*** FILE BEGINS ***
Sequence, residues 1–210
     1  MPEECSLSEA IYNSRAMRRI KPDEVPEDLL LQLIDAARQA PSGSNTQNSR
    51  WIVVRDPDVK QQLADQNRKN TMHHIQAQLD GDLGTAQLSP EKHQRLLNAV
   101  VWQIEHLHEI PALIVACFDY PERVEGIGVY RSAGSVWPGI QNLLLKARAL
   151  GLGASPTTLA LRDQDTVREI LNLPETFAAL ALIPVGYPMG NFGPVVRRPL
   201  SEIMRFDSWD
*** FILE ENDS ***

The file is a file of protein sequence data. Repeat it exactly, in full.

Sequence, residues 1–210
     1  MPEECSLSEA IYNSRAMRRI KPDEVPEDLL LQLIDAARQA PSGSNTQNSR
    51  WIVVRDPDVK QQLADQNRKN TMHHIQAQLD GDLGTAQLSP EKHQRLLNAV
   101  VWQIEHLHEI PALIVACFDY PERVEGIGVY RSAGSVWPGI QNLLLKARAL
   151  GLGASPTTLA LRDQDTVREI LNLPETFAAL ALIPVGYPMG NFGPVVRRPL
   201  SEIMRFDSWD